Today, news all over the country has touted Australian small businesses as the big winners of the 2016 Federal Budget, announced last night. And it’s no wonder – with $2.2 billion worth of tax cuts to be handed out over the next four years, the Turnbull government’s first budget is setting its sights on bolstering local SME success for the overall good of our nation’s economy.
Economists are calling this a smart move. In order to grow jobs and promote local innovation, small business needs to hold strong. As a result, the government is putting weighty support behind the SME sector with significant tax breaks, an internship programme and a commitment to technology startups.
If you own a small business, here’s what the budget means for you:
The 2015 Federal Budget reduced tax rates for small businesses. And this is set to continue in the years ahead. Last year, there was a 1.5 percentage point reduction in the tax rate for small businesses with a turnover of less than $2 million per year. Now, this budget announces it is taking the commitment even further, spurred on by aspirations for smaller businesses to become bigger businesses.
In his budget announcement, Federal Treasurer, Scott Morrison, explained that “if we wish to continue to see our living standards rise with more jobs and higher wages, we need to ensure our tax system encourages investment and enterprise.”
With this in mind, here’s a breakdown of what’s the budget has to offer to small business looking to grow.
- From June 1, small businesses with an annual turnover of under $10 million will pay the cheapest company tax rate of 27.5 per cent.
- Smaller enterprise will receive a reduction in tax of 1 per cent while those businesses turning over between $2 million and $10 million get a 2.5 per cent discount.
This equates to $295 million of tax savings for approximately 870,000 businesses over the next financial year.
- To put this in perspective, compared to last year, this makes another 90,000 businesses now eligible for the lowest rate thanks to the wider definition of what constitutes a “small business” for tax purposes.
- The benefits for small business don’t stop at tax rate discounts. This budget increases eligibility across a range of factors for businesses with a turnover of less than $10 million, meaning they will also be able to access other tax incentives, including:
- Small business depreciation pooling provisions
- Simplified trading stock rules
- Pay-As-You-Go Instalments payments option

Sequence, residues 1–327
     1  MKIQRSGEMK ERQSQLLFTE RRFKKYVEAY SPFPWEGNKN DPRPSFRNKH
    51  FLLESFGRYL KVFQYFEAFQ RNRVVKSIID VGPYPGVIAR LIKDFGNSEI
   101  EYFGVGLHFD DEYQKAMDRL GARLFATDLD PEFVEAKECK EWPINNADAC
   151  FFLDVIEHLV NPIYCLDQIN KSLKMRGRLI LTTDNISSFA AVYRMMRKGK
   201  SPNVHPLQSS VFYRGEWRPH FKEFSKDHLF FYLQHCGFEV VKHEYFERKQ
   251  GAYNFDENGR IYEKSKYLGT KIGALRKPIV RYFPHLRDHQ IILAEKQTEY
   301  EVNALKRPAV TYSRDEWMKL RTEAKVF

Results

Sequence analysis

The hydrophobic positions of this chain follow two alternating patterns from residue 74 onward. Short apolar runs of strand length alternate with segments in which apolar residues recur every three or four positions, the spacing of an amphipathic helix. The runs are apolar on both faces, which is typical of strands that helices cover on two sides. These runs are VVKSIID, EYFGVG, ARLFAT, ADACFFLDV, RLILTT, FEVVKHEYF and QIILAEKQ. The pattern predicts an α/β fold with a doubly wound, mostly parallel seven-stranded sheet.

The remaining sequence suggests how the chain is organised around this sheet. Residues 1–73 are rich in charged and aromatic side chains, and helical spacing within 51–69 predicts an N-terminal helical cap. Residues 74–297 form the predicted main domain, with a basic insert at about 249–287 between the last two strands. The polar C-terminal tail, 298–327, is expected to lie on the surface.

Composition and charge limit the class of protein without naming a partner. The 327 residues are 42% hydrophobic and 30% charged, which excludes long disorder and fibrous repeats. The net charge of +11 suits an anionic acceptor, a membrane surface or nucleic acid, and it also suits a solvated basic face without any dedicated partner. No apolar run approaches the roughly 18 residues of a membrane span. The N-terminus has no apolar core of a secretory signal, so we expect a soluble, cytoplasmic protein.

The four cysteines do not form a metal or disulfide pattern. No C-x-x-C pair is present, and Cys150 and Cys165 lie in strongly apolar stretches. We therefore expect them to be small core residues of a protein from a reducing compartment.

- Also, the unincorporated small business tax discount will now be increased to 8 per cent, with the turnover threshold extended from $2 million to under $5 million.
- Businesses with a turnover of less than $10 million will also be able to access instant write off for equipment purchases of up to $20,000. Previously, the turnover threshold was less than $2 million.
Going forward, the government has also pledged to increase the turnover threshold for the “cheapest company tax rate in the years ahead”, from:
- $10 million to $25 million in 2017-18
- $25 million to $50 million in 2018-19
- $50 million to $100 million in 2019-20
The purpose of the benefits are intended to be long term and far reaching.
The government projections on this say this means that by 2020, more than half of all employees of companies in Australia will be in businesses paying a lower tax rate of 27.5 per cent.
Incentives push for youth employment
The 2016 Federation Budget will also incentivise small business to hire more young employees.
- From 1 April 2017, young job seekers will have access to “Youth Jobs PaTH” – a pre-employment skills training programme run through the Australian Government’s employment service “jobactive”.
- The idea behind Youth Jobs PaTH is to get young job seekers skilled up in areas such as IT literacy, teamwork and presentation prior to entering the workforce. The point being that businesses will no longer carry all the risk and cost associated with hiring young, lesser experienced or untested staff. Additionally, internships got a big push, with:
- 120,000 internship placements will also be made available over the next four years.
- Businesses who accept interns will receive an upfront payment of $1,000.
- Internship periods of 4 to 12 weeks with the job seeker working between 15 and 25 hours per week. At the conclusion of the internship, it will be up to the business whether or not to offer them ongoing employment.
Beyond this, Australian employers will be eligible for a “Youth Bonus” wage subsidy of between $6,500 and $10,000, depending on the young person’s job readiness. Existing wage subsidies (Indigenous, long-term unemployed, etc.) will also be “streamlined” to make them easier for employers to access.
Tech startups get the thumbs up
The government is looking to create an “ideas boom” through innovation and entrepreneurship with the assistance of the CSIRO for small businesses within the technology sector in the 2016 Budget.
- As a result, $1.1 billion will be set aside for a ‘National Innovation and Science Agenda’ supporting “a culture of ideas and innovation” with the ultimate end goal of commercialisation and increased private investment.
- Reforms to employee share schemes and crowd-sourced equity funding are intended to make it easier for start-ups to raise capital while changes to company tax loss arrangements are expected to make it easier for existing businesses to reinvent themselves.
- There will also be tax concessions for early stage investors to encourage investment in innovative startup firms.
Like most Federal Budgets, this budget is a mixed bag but small business appears to be among the main beneficiaries to reap the benefits in the years ahead. And that is positive news for SMEs looking to grow.